The two events I ended the last post with are just two personal examples to illustrate how society almost singularly fails itself. I say “almost,” because there are instances where witnesses do come forward and help when it is so desperately needed. As a general rule, I tend to avoid commenting on stories surrounding celebrities and domestic violence. I feel that, as they have no true, measurable amount of privacy, the fact that it plays out so publicly and given the suffocating amount of coverage extended to us by the media, there is no reason for me to comment. There are plenty doing that already.
This is not to say that things in particular don’t fill me with rage, hurt, and disgust. In Rhianna’s case, too many people are pointing the finger at her as though the way she dresses or her attitude (or anything else for that matter) are the true culprits behind the beating doled out to her by Chris Brown. You stand there with your hands on your hips, fingers waving in our faces, and spewing garbage about how this is her fault, and then turn around and have the gall to ask, in some cases demand to know, how “she could be so stupid for staying. For going back.” The truth is, those attitudes assist in us being trapped in the cycle for as long as we are. You can never know the amount of stigma attached to being a victim of domestic violence, the amount of criticism, accusations, jokes, and mockery we endure at your hands. And you never know the chaos and danger we face when we try to make our way out.
Yes, I usually keep my silence. She has been ripped apart, analyzed, scrutinized, and judged more than any one person should endure in her lifetime for just this one thing. I usually keep my silence, hold my tongue, and pray to Jehovah for patience to endure your ignorance and unholy lack of compassion and love for your fellowman. Until late last night, when I saw the article published on ABC News. I have not followed the story too closely, I have to admit, but when I saw how long this was allowed to go on in public unabated, I felt myself becoming enraged. At who? At the employees of Scott’s. At the other patrons who must have been mumbling amongst themselves. At the passersby on the street who do, unless they have allowed this fact to slip their minds while obsessing about their caramel macchiato and their I-pod playlists as they tramp down the street, have the ability to see through glass. The beauty of glass: it’s transparent! You can see through it almost entirely unhindered! Yet you are so blind, afflicted with your tunnel-vision and narrow minds that you somehow fail to see a woman with a man’s hand wrapped around her throat.
Mostly, I find myself pondering over how the photographer, who, as we all can see by the photographs published in the Sunday People, had an unblocked view of the event that unfolded for an entire twenty seven minutes without stepping in to intervene on Nigella’s behalf. His excuse is that he is paparazzi and hated. Yes, you are, Jean-Paul, but you showed us all your character. You are willing to give every last bit of your humanity, I would dare say just about anything short of your life, to get the money shot and cash in at anyone’s expense. In this case, you allowed someone to be abused in public. You stood by and did nothing, just like the so many people who witnessed what Kevin repeatedly did to me.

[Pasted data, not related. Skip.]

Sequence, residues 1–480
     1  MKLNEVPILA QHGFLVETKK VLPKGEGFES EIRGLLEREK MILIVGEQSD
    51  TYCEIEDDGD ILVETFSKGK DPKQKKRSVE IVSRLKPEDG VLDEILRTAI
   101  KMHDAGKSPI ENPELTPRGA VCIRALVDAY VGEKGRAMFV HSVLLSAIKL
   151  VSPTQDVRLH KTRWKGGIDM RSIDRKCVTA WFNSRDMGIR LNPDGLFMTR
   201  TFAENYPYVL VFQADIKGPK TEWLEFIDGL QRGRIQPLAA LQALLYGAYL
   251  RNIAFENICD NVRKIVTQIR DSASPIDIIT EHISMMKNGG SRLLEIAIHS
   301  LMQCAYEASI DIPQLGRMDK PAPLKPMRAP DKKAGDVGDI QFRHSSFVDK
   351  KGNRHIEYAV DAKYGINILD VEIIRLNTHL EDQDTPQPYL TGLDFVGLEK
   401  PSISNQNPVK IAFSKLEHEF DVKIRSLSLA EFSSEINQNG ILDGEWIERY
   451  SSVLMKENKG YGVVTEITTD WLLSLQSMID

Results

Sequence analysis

It rehashed all those feelings of futility and lack of self-worth that I have tirelessly fought to escape and never revisit. For how can we victims of abuse, whether we are male or female, young or old, feel any comfort or trust in anyone to come forward and ask for help, when we see all too often people condoning and allowing by inaction the abuse to befall another human being? If only you would look at her and see your mother, sister, aunt, daughter.. instead of a stranger, if you took it upon yourself to shed that callous slough of dead skin around your heart and feel hurt and fear for the victim and be moved by urgency and compassion to perform an act of protection… Then maybe our faith and trust in others would be nurtured and encouraged instead of snuffed out by doubt and fear that we will be rejected, that we will not be believed, and that we will be thrown vulnerable and scared back into the lion’s pit to helplessly await our destruction. Maybe more would come forward sooner. Maybe more men would feel less ashamed to report abusive female partners. Maybe there would be more accountability and less criticism and mockery.
So in the end, the daring boldness to escape rests on our shoulders and those among us who do not hesitate to act and assist us in our flight from the claws of the monster by which we find ourselves trapped. In some areas of the world, this is far harder than it seems. Some nations lack the laws and have long-established cultural doctrine that make it impossible for the victim to ever make a complete break without bringing tremendous stigma and “dishonor” upon themselves. It becomes necessary in the face of this obstacle, then, that someone stand up and answer the calls and cries of those desperately pleading for help in finding a way out to safety. Fortunately for me, survivors were already there ready and waiting to be my support and give any assistance necessary to protect me. And now I have made my way through the maze to do the same. Not out of compulsion. Not out of some burdensome feeling of obligation or duty. But willingly, happily out of love, mercy, kindness, compassion. For we all should be able to live a peaceful, dignified, happy life free of violence.